A farmer burns straw in a field near Jandiala Guru in Amritsar, India on October 16. Sameer Sehgal / Hindustan Times / Getty Images
A well-known scene takes place in northern India. Huge fields are burning, flames engulf bare stalks of already harvested plants. Clouds of smoke wander across national borders. In cities the air is thick with yellow haze.
Burning stubble, the practice of deliberately setting cultivated fields on fire to prepare the land for the next harvest, is one of the main drivers of the so-called annual pollution season in India, which begins every winter.
It’s especially bad in cities like the capital New Delhi, where smog from burning grain fields, vehicle emissions, power plants, construction sites, and smoke from Diwali fireworks all combine to form a poisonous cloud that lasts until spring.
Authorities have tried for years to combat this serious public health risk – but this year there is a new urgency with fears that pollution could increase the risk of Covid-19.
The coronavirus outbreak in India has infected nearly 7.6 million people and killed more than 115,000 people, according to the country’s health ministry. India undertook a month-long nationwide lockdown to contain the virus – but with little success. Currently, India has the second highest number of infections in the world after the US and the third highest number of deaths.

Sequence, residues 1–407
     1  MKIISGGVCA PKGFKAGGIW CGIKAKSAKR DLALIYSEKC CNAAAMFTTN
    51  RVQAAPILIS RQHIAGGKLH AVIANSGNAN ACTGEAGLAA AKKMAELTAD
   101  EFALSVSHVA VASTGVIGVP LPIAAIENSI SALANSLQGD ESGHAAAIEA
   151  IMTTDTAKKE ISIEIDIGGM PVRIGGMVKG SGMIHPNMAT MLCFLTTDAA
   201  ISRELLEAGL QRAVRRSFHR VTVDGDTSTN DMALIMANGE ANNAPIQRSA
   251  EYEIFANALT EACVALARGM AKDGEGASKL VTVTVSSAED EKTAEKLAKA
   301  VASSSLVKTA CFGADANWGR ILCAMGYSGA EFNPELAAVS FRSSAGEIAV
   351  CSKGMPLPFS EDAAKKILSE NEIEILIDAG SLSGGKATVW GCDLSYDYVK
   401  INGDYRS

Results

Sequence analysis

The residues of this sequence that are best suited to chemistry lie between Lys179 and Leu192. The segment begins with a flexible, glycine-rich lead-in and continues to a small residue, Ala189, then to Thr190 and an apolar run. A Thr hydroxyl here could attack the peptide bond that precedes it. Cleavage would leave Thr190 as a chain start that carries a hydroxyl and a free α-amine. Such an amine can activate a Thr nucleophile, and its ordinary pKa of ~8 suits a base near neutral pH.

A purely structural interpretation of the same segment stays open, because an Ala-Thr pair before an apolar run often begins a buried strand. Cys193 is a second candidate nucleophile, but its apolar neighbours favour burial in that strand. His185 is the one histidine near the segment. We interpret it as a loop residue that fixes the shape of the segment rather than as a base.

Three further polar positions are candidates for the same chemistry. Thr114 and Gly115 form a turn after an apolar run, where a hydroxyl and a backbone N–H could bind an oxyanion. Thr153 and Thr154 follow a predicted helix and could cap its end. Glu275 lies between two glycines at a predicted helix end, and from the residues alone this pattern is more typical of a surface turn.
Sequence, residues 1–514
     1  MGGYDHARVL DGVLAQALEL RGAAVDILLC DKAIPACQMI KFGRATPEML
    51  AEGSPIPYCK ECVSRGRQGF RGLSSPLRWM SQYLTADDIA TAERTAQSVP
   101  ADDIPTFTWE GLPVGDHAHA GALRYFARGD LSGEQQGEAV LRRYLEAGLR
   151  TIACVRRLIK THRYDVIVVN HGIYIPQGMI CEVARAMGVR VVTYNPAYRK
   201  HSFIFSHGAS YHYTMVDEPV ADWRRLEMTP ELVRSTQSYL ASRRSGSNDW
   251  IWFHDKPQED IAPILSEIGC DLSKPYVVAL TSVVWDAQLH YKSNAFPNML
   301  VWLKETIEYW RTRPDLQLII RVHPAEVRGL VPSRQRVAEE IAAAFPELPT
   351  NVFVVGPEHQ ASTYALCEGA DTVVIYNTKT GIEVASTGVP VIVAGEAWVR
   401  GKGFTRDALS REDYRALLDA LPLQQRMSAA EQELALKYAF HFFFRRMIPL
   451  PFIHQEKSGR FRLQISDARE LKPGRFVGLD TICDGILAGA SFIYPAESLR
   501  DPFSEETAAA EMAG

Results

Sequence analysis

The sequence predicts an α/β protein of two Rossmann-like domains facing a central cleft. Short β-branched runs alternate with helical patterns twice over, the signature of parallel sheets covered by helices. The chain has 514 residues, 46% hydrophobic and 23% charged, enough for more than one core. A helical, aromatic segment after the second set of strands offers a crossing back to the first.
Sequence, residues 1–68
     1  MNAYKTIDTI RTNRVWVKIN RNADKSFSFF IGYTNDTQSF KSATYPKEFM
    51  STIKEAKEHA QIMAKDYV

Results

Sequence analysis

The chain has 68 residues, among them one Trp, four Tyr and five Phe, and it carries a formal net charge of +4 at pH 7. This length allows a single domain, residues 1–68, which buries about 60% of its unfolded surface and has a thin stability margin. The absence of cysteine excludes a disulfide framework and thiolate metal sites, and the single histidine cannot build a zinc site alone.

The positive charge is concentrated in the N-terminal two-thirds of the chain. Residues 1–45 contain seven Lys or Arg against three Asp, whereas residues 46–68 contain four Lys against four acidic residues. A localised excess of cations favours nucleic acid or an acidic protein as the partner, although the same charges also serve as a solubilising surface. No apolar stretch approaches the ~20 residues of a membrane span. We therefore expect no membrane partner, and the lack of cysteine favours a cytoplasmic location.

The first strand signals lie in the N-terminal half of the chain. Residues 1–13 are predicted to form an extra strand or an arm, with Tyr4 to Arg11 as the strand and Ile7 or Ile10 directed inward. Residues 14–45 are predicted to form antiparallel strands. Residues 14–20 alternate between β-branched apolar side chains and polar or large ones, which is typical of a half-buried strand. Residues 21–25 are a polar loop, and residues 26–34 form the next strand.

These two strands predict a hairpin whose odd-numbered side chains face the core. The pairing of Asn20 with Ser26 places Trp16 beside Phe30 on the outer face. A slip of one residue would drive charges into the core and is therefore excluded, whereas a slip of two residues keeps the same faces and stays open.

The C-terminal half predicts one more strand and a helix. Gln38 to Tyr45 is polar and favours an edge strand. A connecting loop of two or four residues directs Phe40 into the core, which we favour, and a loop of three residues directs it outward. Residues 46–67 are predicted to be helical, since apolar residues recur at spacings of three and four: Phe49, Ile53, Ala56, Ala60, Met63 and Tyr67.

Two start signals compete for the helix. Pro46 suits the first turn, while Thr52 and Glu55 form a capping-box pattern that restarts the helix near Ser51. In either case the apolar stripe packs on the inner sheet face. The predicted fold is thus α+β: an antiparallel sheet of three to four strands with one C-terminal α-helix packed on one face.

Experts and politicians now fear that the arrival of pollution season could pose a double threat, increasing the risk of serious infections for people while increasing the burden on public health services.
“The combination of air pollution with Covid-19, and especially since it will happen during the winter months, is something we really need to be concerned about and take reasonable measures to avoid large spikes in the number of cases,” said Dr. Randeep Guleria, director of the All India Institute of Medical Sciences.
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